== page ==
The quality of their lives spirals into emptiness because they have been robbed of the capacity to enjoy the pleasures that are divinely designed to comprise life here on earth. This has dismal end results. They cannot truly experience the Lord in his fullness and God misses the opportunity to enjoy them to the optimum extent.
In addition, they present a skewed picture to the unsaved of what the Christian life is all about. The worldly may be spiritually uninformed, but they are not undiscerning. They comprehend far more from what is exemplified by our attitudes and ability to flow in life’s diverse situations than they do from our testimonies of God’s power. Enjoyment of all aspects of life whether religious or mundane is an impressive demonstration of possession of God’s peace and power.
Unbelievers are attracted to us when we exhibit wholeness and a zest for life. If we demonstrate an existence that appears complicated by religious restrictions that have no obvious intrinsic rhyme or reason, it supports the notion that God and Christians are boring. Nothing could be further from the truth. Jesus has bequeathed to us everything pertinent to rich and satisfying lives. (Jn 10:10 NLT)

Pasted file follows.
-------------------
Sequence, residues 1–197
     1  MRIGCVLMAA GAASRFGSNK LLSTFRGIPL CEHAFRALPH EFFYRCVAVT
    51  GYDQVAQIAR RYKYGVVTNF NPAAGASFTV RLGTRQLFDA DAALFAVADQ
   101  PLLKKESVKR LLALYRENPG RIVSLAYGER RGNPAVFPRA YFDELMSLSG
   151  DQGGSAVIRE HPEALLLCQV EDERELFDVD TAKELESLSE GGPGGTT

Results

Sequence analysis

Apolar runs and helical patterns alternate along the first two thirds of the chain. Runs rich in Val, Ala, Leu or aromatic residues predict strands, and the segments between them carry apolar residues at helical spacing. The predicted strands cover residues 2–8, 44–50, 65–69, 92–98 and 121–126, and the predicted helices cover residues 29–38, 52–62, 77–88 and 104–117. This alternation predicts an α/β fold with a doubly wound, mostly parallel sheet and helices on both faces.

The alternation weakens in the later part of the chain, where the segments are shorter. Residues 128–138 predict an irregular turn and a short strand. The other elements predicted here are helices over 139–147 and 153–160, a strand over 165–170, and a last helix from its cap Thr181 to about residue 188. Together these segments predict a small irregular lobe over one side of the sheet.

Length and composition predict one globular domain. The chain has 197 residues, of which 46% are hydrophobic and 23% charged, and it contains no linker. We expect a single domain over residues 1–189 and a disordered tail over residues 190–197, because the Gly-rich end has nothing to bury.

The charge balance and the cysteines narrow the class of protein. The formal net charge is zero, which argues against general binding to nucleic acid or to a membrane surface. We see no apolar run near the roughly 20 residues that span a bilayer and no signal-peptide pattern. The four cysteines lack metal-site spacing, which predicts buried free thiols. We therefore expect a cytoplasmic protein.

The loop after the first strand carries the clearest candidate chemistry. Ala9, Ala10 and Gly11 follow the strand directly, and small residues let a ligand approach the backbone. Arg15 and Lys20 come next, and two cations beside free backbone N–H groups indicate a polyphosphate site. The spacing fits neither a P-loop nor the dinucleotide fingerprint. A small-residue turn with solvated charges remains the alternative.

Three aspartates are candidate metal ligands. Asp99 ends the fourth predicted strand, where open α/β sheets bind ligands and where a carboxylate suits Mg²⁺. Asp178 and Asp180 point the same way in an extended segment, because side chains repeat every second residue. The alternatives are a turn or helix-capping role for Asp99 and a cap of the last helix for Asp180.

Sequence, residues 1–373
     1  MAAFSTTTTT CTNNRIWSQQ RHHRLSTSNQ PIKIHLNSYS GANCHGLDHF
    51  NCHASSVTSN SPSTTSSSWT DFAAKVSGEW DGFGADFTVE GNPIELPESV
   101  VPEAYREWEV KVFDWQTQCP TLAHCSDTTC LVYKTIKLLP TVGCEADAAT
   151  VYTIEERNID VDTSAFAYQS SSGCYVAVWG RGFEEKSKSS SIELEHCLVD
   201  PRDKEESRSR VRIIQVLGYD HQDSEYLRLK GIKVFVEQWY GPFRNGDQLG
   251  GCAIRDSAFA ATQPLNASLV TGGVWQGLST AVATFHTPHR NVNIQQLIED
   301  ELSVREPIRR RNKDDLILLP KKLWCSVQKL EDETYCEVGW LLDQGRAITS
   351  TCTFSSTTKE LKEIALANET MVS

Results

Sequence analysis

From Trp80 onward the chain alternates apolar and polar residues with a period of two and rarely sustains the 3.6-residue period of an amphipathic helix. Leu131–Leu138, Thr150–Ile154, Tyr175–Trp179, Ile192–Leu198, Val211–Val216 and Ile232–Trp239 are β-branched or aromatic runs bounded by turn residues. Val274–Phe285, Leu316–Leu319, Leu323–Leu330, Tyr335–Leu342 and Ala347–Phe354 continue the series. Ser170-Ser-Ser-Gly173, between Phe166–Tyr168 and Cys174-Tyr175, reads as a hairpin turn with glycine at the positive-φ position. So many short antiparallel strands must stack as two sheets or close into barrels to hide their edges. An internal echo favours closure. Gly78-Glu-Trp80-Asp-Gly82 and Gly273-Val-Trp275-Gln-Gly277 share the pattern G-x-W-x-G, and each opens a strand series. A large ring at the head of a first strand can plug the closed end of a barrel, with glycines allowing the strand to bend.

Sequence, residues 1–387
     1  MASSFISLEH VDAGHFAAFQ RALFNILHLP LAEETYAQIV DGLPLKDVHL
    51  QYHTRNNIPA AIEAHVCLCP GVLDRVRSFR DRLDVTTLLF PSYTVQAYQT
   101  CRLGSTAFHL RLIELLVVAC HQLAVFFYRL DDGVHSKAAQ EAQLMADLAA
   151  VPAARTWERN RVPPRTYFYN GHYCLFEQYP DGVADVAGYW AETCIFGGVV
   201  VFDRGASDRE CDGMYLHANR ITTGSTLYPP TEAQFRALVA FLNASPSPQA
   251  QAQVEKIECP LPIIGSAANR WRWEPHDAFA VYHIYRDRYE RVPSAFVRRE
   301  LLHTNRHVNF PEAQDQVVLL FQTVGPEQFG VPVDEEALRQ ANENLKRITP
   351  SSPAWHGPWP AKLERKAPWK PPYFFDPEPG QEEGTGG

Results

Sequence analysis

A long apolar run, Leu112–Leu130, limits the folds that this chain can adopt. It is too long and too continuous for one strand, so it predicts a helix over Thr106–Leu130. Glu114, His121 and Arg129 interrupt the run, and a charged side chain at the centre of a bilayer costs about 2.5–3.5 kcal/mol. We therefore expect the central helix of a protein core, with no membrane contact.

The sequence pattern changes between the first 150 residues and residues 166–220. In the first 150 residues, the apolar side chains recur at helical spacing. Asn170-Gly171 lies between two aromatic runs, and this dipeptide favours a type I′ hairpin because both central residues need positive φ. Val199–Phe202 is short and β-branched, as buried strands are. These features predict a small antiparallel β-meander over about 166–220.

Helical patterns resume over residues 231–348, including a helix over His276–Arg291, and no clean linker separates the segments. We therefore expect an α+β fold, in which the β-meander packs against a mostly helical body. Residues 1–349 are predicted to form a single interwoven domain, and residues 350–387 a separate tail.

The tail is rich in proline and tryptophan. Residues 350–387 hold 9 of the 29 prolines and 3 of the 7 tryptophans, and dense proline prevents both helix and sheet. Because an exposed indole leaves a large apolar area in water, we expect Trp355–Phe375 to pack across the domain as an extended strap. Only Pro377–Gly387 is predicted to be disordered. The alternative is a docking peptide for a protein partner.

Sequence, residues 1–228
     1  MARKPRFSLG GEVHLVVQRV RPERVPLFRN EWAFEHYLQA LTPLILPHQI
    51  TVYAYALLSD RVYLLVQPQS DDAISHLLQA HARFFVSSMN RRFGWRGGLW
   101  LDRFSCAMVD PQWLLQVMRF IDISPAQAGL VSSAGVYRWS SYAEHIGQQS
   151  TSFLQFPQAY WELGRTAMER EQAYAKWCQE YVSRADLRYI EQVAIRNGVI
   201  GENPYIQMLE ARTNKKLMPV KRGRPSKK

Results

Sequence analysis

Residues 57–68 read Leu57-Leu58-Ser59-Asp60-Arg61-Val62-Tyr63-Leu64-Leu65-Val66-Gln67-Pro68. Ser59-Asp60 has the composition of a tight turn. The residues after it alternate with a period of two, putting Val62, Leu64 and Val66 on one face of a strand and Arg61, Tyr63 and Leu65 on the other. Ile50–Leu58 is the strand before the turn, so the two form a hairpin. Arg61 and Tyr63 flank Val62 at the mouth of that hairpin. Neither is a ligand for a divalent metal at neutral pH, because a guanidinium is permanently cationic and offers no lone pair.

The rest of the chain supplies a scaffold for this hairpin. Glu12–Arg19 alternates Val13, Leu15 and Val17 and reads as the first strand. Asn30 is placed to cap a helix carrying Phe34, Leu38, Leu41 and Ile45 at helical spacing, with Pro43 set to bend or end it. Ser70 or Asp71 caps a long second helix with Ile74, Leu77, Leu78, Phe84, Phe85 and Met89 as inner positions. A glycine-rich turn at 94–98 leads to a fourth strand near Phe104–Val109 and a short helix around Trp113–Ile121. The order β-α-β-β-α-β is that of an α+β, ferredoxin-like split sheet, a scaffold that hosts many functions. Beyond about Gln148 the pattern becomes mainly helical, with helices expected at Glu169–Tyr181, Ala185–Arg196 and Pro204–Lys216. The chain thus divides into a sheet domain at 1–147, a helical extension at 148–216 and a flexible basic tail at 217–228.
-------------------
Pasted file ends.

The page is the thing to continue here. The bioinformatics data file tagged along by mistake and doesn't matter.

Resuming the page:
The Christian life is more so a decathlon than a 100 yard dash. Of course, if it the End is truly at hand, all Christians everywhere will have spontaneous stimuli to begin the final sprint. In that event, time spent in overtly religious pursuits will by necessity increase due to genuine revival mode.
Visitations of the Spirit and periods of refreshing from the presence of the Lord cannot be manufactured by the hyper-religiosity of man. More often than not, ministries that have been fountainheads of great outpouring confide that there did not seem to be any direct correlation with what they were doing and the onset of glorious periods. Church history has proven that those who copycat methods seldom have duplicate results.
The initiative is with God, not with man. Meanwhile, enjoy God and approach the entirety of life in a manner that gives God good reason to anticipate time with you as a refreshing delight.
Be blessed and be a blessing